15 March 2004
Two doors down
I'd been half-asleep for half an hour when the lights began to play high on the walls. I ignored them and rolled over; it's not like nobody ever got a traffic ticket on this street before.
A few minutes later, I looked up again, and still they were there. World's slowest cop? Maybe, but I didn't think so. And as the pattern started to seem less random, I figured it out: two light bars, minimum.
Something was going on.
I pulled myself up out of bed, fumbled for some semblance of clothing, and ambled outside, trying to look like I did this sort of thing every night about this time. Two ambulances: paramedics from the fire station around the corner in front, the usual emergency-services vehicle behind. No police; no fire engine. I thought I saw some activity behind some living-room windows. Gawkers, I thought, then realized I'd come out to do exactly that.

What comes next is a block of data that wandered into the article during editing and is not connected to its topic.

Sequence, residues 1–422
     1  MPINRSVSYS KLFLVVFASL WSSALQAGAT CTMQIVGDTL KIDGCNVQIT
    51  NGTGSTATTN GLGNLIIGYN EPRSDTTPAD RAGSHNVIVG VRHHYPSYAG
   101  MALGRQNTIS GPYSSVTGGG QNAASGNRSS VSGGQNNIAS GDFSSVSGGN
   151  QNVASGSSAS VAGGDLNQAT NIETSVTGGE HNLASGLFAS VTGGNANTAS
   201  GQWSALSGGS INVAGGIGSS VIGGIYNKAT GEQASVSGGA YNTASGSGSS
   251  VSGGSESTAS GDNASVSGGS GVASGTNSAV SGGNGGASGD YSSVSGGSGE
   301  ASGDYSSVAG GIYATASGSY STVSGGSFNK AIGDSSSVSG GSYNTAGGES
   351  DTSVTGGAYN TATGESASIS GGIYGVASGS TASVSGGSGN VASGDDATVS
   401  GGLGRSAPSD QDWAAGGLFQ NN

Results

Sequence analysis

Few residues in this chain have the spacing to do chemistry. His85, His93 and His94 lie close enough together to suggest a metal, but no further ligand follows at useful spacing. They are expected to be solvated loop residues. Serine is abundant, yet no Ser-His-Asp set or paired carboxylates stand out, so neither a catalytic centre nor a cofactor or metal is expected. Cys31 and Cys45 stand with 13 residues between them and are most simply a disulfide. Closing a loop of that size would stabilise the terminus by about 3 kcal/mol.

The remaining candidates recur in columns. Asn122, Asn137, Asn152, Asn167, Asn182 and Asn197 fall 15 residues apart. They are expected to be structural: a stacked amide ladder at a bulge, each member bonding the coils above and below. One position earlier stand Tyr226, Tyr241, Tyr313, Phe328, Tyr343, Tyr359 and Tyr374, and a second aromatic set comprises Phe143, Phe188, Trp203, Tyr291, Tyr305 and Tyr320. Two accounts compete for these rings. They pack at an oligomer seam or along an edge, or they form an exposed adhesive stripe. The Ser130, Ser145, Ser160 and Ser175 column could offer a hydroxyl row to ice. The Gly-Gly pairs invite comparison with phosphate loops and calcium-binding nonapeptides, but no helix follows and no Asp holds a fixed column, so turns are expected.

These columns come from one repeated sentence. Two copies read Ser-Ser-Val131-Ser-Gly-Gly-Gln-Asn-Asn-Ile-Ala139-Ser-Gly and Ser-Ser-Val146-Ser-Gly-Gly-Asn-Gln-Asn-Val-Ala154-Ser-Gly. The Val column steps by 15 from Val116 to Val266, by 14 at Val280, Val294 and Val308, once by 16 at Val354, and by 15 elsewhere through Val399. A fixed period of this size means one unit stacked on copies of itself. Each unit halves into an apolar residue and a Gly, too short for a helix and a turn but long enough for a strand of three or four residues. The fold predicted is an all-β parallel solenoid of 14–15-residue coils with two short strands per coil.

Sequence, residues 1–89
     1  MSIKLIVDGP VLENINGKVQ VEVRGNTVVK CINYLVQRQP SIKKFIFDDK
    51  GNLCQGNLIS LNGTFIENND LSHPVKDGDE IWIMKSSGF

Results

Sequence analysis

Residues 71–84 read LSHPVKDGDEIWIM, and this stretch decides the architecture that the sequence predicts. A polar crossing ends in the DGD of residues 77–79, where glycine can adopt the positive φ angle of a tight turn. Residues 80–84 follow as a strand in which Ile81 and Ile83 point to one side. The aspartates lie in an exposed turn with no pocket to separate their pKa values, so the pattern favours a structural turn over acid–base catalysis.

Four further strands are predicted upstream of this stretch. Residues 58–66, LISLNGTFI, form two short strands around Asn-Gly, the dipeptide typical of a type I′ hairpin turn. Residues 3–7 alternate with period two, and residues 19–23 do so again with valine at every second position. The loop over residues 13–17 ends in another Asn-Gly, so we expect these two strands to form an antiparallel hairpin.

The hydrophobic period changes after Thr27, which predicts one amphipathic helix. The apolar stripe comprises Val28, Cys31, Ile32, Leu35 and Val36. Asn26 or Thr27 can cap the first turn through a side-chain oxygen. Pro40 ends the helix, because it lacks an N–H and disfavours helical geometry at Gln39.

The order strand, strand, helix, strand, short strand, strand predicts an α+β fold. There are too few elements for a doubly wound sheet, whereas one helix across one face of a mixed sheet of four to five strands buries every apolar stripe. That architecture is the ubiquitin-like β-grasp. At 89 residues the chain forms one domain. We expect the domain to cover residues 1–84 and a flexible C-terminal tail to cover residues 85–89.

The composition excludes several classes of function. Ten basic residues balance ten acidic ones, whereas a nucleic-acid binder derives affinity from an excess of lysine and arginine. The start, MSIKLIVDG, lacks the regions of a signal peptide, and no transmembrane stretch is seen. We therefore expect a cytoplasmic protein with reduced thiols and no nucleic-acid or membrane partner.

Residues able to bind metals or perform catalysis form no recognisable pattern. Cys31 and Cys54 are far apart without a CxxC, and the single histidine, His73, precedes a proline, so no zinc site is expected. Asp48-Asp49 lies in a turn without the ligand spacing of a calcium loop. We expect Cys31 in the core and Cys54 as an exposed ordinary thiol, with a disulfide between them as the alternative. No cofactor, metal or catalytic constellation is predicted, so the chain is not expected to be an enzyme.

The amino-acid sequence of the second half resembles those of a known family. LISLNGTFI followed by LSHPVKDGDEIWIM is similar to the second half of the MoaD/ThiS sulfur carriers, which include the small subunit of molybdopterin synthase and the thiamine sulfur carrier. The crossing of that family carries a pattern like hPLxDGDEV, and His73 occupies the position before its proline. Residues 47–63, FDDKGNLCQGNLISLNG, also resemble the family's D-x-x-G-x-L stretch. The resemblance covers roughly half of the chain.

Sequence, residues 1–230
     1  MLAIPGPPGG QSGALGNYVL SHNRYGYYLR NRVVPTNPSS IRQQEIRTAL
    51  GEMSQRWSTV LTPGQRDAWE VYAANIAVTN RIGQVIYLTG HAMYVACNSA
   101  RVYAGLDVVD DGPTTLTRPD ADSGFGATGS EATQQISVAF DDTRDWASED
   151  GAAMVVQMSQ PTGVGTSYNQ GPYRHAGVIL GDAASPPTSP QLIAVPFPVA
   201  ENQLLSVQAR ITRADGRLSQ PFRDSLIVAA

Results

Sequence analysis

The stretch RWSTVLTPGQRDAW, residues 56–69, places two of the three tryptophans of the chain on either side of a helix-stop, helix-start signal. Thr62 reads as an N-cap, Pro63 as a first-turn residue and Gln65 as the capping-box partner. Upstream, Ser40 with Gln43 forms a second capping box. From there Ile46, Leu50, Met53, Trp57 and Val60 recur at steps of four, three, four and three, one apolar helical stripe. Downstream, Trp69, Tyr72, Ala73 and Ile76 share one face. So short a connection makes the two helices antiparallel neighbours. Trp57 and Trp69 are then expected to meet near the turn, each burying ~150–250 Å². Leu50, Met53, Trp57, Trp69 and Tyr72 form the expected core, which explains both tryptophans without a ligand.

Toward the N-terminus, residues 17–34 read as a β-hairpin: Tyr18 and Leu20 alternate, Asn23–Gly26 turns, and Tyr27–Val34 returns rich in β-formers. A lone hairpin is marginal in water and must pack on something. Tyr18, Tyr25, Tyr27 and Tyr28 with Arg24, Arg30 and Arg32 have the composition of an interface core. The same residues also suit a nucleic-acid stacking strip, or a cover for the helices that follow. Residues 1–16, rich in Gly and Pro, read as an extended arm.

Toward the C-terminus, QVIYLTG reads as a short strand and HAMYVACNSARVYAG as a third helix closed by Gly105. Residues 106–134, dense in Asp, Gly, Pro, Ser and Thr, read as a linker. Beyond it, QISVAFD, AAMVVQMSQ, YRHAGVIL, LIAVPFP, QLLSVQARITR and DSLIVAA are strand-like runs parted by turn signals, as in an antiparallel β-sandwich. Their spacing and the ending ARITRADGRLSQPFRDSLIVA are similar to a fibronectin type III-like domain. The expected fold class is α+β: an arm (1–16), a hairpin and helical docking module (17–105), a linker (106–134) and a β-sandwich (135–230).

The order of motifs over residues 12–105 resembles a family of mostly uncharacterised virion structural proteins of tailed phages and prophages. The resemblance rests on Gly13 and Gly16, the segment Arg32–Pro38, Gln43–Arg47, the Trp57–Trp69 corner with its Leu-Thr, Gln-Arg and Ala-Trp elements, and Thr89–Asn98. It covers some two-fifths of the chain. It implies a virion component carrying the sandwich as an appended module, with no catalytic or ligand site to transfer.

Four emergency personnel brought the gurney from the house. Its occupant wasn't moving, so far as I could tell, but did seem to be sitting up; I couldn't determine much of anything else. They loaded the gurney into the truck, and I started back inside, satisfied that I'd seen nothing more than some poor soul taken very, very ill.
And as I got to my door, the helicopter passed overhead, a beam of light scanning the ground below it.
Something had been going on.
But with midnight approaching, I decided that maybe I didn't want to know.
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